It’s official. The mainland Chinese have now overtaken the Americans and the Germans as the world’s biggest travel spenders. They spent US$102 billion (HK$791 billion) on international tourism in 2012, 40 per cent up on 2011, according to the UN World Tourism Organisation. This is down to the Chinese getting richer, the government allowing more of them to travel and more overseas countries grating them easier or visa-free access.
They are also now the world’s largest outbound tourism market, according to the China Tourism Academy overtaking Germany and the US, with Chinese citizens making 83 million overseas trips in 2012, which will rise to 200 million by 2020. The Chinese government is doing its bit, building 70 new airports by 2015 and expanding the existing 100 airports. The number of long haul flights to China increases all the time – you can now fly Chengdu to London direct with BA – and low cost carrier activity is ramping up.
Wish list versus reality
All this according to hotels.com’s Chinese International Travel Monitor 2013, which among other interesting details mentions that the average household annual income of the Chinese who travel is RMB109,922 (HK$138,390), compared to the average family income of RMB 49,920 (HK$62,848.5). But a quarter of travellers are much less wealthy, with annual incomes of less than RMB 70,000 (HK$88,129) per year. Whatever the purpose Chinese tend to go away for one to two weeks, 1.6 weeks for leisure, 1.7 weeks for business, and 1.8 weeks when visiting friends. Two-thirds now head off alone or with family, not in a tour group.
There’s a big difference between where they say they want to go and where they actually go. The wish list one to 10 is Australia, France, New Zealand, USA, Switzerland, Singapore, Hong Kong Taiwan, UK and Canada.
In reality they mostly stick close to home. From one to 10 they actually visit: USA, Hong Kong, Thailand, Japan, Singapore, Malaysia, South Korea, Italy, France and Australia. When they go abroad, 76 per cent say sightseeing is their priority, 65 per cent also rate dining very highly and surprisingly, only 51 per cent say shopping is a big draw. Only 5 per cent said they were interested in sport and gambling when travelling. Younger travellers, under 35, say they are interested in eating when overseas.
Chinese travellers book online
When it comes to booking their travel, half book direct with the hotel, not through an agent, 29 per cent book online and 19 per cent reserve rooms by phone. Only 36 per cent use a travel agent, and of those14 per cent are online travel agents.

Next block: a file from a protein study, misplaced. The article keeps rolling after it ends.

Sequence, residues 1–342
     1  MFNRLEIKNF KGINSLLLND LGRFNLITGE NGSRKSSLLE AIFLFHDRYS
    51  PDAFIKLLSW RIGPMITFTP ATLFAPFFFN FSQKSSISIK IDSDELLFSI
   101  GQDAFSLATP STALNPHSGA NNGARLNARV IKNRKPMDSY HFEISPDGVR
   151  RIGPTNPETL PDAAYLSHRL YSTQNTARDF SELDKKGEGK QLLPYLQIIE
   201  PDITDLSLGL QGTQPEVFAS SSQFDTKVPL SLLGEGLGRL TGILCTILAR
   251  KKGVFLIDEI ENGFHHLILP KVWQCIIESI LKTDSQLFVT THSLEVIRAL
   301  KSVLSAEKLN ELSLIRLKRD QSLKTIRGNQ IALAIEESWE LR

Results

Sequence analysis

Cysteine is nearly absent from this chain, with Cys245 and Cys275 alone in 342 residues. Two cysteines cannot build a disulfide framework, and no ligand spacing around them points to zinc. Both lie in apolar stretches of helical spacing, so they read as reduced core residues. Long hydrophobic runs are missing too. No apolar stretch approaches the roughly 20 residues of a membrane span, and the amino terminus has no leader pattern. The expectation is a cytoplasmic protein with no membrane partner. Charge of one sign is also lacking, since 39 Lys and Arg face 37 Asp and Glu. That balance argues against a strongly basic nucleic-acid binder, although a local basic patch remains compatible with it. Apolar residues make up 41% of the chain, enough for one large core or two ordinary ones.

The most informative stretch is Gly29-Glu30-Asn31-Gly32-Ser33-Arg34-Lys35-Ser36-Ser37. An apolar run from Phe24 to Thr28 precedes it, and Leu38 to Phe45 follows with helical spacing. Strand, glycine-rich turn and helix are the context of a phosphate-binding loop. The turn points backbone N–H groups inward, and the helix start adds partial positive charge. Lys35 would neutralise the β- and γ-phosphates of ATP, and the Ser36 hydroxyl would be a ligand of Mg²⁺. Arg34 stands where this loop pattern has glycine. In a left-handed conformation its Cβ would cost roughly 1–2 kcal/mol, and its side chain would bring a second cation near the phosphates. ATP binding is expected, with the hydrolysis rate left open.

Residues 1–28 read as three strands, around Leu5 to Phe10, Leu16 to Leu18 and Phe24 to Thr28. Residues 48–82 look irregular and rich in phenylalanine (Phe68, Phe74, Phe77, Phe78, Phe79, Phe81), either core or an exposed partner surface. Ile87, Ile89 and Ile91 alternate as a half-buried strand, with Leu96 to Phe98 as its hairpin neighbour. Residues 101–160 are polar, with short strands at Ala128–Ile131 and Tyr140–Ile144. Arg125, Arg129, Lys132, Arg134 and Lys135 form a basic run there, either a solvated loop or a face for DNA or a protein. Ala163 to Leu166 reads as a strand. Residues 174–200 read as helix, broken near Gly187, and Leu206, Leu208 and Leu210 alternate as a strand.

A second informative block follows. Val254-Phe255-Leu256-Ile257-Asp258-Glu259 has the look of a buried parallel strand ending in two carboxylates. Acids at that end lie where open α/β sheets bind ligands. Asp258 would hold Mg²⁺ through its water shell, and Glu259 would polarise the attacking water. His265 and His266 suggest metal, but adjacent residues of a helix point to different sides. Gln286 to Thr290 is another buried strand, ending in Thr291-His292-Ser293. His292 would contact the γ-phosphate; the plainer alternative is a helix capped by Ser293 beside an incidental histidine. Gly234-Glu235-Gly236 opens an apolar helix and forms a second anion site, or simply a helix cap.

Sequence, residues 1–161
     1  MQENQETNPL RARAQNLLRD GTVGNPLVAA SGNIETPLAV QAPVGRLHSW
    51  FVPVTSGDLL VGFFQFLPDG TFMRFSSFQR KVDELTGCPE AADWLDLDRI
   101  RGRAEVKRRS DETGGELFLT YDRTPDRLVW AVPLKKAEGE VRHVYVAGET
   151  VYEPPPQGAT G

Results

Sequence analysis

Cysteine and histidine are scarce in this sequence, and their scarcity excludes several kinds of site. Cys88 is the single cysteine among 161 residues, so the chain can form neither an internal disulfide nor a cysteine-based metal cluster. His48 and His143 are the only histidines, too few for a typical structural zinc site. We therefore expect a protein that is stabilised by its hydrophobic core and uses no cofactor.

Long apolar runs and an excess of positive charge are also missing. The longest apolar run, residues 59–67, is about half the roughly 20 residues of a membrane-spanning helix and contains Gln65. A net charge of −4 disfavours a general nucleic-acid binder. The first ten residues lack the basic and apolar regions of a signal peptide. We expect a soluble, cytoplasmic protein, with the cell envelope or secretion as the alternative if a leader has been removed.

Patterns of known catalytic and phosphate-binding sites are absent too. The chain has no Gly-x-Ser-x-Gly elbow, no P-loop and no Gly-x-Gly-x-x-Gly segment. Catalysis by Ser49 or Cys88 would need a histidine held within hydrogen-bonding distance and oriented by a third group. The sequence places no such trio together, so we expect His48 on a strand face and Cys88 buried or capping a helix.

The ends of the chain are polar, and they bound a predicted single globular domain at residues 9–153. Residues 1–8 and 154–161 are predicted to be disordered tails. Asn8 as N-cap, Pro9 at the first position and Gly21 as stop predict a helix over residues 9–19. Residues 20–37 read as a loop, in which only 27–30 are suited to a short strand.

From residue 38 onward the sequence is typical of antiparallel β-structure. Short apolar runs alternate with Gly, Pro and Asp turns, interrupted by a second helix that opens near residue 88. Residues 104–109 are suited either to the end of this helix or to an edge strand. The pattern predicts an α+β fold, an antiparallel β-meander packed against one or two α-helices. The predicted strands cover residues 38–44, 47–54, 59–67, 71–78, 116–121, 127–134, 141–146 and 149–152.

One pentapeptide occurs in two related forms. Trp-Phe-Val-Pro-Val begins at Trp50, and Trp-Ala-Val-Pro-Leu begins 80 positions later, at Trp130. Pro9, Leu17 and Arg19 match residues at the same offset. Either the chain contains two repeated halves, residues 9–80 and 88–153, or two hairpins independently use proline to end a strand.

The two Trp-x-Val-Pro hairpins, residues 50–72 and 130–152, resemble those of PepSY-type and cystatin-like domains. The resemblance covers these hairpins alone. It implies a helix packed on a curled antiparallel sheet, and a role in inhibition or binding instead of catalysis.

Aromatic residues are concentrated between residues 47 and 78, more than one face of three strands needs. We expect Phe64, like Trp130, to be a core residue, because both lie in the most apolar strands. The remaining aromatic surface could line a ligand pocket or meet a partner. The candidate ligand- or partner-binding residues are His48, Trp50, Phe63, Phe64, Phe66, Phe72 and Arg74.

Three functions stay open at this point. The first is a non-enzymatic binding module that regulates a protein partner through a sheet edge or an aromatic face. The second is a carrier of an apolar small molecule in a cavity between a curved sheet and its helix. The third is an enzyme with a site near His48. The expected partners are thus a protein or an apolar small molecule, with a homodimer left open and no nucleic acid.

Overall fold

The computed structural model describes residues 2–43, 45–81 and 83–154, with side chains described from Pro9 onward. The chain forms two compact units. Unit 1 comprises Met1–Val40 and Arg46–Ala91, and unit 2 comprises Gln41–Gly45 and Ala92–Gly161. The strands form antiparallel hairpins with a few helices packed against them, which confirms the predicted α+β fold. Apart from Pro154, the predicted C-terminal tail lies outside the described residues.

According to the China Internet Network, the Mainland has internet penetration of 42 per cent.
Quite a few are last minute bookers - one in five book the week before they go. And 62 per cent overall book up to 30 days before travel. A third book 31-90 days before they go and 7 per cent book longer than 91 days. They research a lot, but a third fall back on recommendations from family and friends, with online travel and review sites the source for 29 per cent. A third of younger travellers use social media for travel tips.
According to hotels.com Chinese travellers are fifth in the list of big spenders, splashing out on average RMB 1,069 (HK$1,346) per room night and much more in many places such as New Zealand where they spend more than any other nationality. In Switzerland they are fourth highest on the big spender list. When it comes to star rating, 52 per cent choose three or four stars and nine per cent opt for five stars or all inclusive resorts. Only 18 per cent want to go down market with back packing or B and B.
Chinese prefer hotel meals
The vast majority - 94 per cent - like to eat in the hotel, and a hotel’s restaurant is its highly rated priority, with 52 per cent saying they spend the bulk of their spending money in the hotel restaurant, followed by room service. Drinking is less important with only 9 per cent listing the bar as the area where they spend most when overseas, their highest level of spending.
Listen up HSBC and UnionPay
Six out of 10 Chinese travellers said the ability to accept Chinese payment methods – Unionpay and Alipay - was the single most important thing affecting their hotel choice. And a quarter of Chinese travellers feel this is the area needs improving most. I wonder how many of them have been stuck with a useless UnionPay ATM card overseas.